According to Romer, "growth is driven fundamentally by the accumulation of a partially excludable, nonrival input". Non-rival goods are goods where more than one person can posses it, e.g. an idea, a copy of a MP3, software, etc. Goods that are partially excludable imply the creator of the good can prevent people from using it or re-producing it to a certain degree. This isn't just about law, by the way, it's about the theoretical ability for something to be excluded (whether through physical, technological, legal, or other means).

    Knowledge -- one of several inputs into successful innovation -- is non-rival and at best partially excludable (it will eventually leak out). Intellectual property law is one way to enact this, as are things like DRM, etc.

    A fully non-rival, non-excludable good is a public good, and exchange of such goods really isn't governable by a marketplace. Excludability is the death knell: If I can't prevent somone from using or reproducing something, I can't really exchange it in a market as there's no demand incentive. That means I can't cover my costs of today, and I can't cover my costs of tomorrow through profit, leading to no supply incentive.

    The environment, for example, could be considered a public good. Any restrictions on the use of the environment can't really be settled well through a market, they have to be through legal means.

    So, the point is this -- if we feel that human capital & knowledge capital is valuable & scarce, or perhaps that we feel that time is scarce and time is significant big factor in how much knowledge is generated in a new technology, we have two choices:
    - have a public or private body invest in knowledge-intensive goods and fund it via taxes, retained profits from other goods, or donations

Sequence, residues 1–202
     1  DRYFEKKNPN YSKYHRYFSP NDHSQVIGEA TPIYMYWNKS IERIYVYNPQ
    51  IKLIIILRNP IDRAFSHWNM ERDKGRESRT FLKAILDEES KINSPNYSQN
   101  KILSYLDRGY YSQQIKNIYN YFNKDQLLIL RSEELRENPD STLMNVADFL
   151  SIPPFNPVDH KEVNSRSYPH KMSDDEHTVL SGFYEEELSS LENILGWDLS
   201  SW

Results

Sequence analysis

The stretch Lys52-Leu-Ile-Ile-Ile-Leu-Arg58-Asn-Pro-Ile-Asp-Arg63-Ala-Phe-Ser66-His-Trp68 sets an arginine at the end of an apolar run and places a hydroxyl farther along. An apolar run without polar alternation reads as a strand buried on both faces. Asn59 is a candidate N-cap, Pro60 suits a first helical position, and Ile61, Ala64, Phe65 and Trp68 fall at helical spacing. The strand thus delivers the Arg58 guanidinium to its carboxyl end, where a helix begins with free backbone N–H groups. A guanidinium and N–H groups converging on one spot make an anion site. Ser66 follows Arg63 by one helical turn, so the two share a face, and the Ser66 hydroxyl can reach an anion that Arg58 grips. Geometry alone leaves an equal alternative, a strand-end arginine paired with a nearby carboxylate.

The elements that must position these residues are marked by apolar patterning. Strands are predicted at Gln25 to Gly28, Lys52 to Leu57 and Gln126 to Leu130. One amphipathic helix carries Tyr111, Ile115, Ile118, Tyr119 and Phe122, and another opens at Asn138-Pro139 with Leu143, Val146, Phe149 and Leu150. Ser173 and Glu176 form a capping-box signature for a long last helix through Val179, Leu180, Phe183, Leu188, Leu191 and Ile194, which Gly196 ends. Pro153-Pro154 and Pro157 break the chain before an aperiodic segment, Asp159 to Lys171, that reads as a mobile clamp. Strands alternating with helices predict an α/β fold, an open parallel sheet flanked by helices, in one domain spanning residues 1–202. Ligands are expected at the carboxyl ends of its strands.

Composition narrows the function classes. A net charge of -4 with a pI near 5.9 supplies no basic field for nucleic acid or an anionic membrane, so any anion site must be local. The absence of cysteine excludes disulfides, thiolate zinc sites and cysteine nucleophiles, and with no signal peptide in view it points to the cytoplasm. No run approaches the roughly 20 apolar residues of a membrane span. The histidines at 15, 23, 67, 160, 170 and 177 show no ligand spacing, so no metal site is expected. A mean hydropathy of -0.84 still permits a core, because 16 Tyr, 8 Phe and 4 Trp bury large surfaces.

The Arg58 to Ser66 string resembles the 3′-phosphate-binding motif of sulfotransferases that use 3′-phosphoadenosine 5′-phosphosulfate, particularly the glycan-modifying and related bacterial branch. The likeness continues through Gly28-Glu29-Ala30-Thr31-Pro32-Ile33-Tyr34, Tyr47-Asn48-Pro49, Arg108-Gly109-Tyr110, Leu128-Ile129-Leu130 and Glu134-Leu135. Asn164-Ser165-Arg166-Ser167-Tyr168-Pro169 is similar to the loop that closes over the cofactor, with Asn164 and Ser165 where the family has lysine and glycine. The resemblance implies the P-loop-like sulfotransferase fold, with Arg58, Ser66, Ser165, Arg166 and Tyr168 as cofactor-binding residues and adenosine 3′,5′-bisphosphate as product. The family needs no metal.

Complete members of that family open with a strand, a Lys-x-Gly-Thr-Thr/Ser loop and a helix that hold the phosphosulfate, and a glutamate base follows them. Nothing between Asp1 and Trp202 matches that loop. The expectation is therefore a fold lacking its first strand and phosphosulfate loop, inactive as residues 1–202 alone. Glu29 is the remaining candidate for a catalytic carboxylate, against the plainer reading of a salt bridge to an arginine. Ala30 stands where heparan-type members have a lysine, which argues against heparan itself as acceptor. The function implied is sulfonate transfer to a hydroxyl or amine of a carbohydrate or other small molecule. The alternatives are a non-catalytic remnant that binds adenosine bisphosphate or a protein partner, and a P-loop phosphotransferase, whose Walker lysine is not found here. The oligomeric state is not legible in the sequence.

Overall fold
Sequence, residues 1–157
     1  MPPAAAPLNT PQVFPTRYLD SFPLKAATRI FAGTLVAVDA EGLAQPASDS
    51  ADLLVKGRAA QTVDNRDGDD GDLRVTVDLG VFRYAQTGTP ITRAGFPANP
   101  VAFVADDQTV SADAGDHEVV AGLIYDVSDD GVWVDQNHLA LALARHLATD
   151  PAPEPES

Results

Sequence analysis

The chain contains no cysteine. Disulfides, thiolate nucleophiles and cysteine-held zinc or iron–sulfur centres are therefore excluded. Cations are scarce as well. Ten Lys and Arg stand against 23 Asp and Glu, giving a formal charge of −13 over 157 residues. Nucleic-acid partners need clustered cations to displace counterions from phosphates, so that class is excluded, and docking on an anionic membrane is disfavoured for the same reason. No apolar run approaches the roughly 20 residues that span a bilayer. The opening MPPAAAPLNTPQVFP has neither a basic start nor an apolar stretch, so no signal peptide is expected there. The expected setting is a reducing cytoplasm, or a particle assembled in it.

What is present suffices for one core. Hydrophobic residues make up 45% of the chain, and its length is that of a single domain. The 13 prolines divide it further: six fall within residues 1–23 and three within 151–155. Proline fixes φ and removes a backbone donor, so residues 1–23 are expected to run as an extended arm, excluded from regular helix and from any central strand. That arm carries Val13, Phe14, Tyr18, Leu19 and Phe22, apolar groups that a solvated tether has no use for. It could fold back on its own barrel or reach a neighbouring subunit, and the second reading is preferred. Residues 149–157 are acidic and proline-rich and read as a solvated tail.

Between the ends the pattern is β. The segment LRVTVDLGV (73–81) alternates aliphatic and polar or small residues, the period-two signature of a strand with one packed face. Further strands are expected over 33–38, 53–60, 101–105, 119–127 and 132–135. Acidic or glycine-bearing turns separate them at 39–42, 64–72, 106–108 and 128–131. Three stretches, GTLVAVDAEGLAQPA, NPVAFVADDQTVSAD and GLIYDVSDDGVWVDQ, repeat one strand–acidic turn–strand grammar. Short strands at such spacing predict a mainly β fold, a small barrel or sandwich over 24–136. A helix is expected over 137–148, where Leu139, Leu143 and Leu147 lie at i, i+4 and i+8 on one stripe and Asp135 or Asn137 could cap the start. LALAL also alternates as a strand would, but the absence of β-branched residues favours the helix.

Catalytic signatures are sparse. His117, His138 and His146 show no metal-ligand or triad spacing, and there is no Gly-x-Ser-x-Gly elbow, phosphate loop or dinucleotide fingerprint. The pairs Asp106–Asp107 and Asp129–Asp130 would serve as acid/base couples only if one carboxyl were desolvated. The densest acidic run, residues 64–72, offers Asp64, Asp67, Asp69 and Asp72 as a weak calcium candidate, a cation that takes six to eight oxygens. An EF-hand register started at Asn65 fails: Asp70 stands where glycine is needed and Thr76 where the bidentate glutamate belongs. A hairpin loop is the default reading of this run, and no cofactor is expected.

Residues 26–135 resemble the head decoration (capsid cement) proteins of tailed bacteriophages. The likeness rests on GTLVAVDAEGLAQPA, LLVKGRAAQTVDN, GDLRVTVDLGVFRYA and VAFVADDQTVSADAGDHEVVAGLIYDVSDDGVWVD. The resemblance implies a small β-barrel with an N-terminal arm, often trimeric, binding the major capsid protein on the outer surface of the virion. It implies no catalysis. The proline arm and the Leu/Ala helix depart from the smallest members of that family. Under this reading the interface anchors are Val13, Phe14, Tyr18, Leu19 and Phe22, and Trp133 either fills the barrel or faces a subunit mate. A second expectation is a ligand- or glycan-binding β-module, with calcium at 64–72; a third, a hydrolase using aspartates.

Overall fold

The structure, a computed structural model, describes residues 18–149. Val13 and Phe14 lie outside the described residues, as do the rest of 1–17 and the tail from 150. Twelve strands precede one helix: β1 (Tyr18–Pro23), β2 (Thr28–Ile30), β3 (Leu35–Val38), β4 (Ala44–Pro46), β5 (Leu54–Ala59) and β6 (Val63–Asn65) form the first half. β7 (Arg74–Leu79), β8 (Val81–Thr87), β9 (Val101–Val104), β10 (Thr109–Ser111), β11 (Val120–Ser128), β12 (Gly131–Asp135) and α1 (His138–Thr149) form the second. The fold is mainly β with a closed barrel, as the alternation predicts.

- subject knowledge-intensive goods to a market of monopolistic competition. It's "monopolistic" because there is no standard equilibrium price-taking competition when exchanging non-rival goods.

    The former has the benefit of working when the investment is directed at something that can create new customers, new markets and avenues for growth. Examples include the TCP/IP protocol suite and many open source projects. But it also has the potential of squandering tremendous resources because it's not directly subject to market demand. (Witness the explosion of duplicate projects out there that all "scratch that itch" just a bit differently...)

    The latter works too, is more efficient at allocating resources at opportunities in demand, but by nature will lead to onerous temporary restrictions on freedom of use.

    My view: Both approaches can work in certain circumstances, but i caution people from having delusions of one system being clearly superior to the other.

    In a market system, the trick is to find the balance between utility and restriction. Patents make sense to me. Does the patent system need reform to get rid of trivial or obvious patents? Yes. Does it make sense to reduce the number of years a patent is valid? Yes -- innovation cycles are quicker, markets respond faster, etc. Should Apple avoid patents and let the innovation in the iPhone become more of a 'public good'? Probably not in the short run. It's not in the interests of their employees, shareholders, or customers, who want Apple to continue to invest in technological change as a way of increasing its capacity for creating wealth. Sometimes it's better for all to 'spread the wealth' rather than keep it localized, but it's not clear that this is such a case.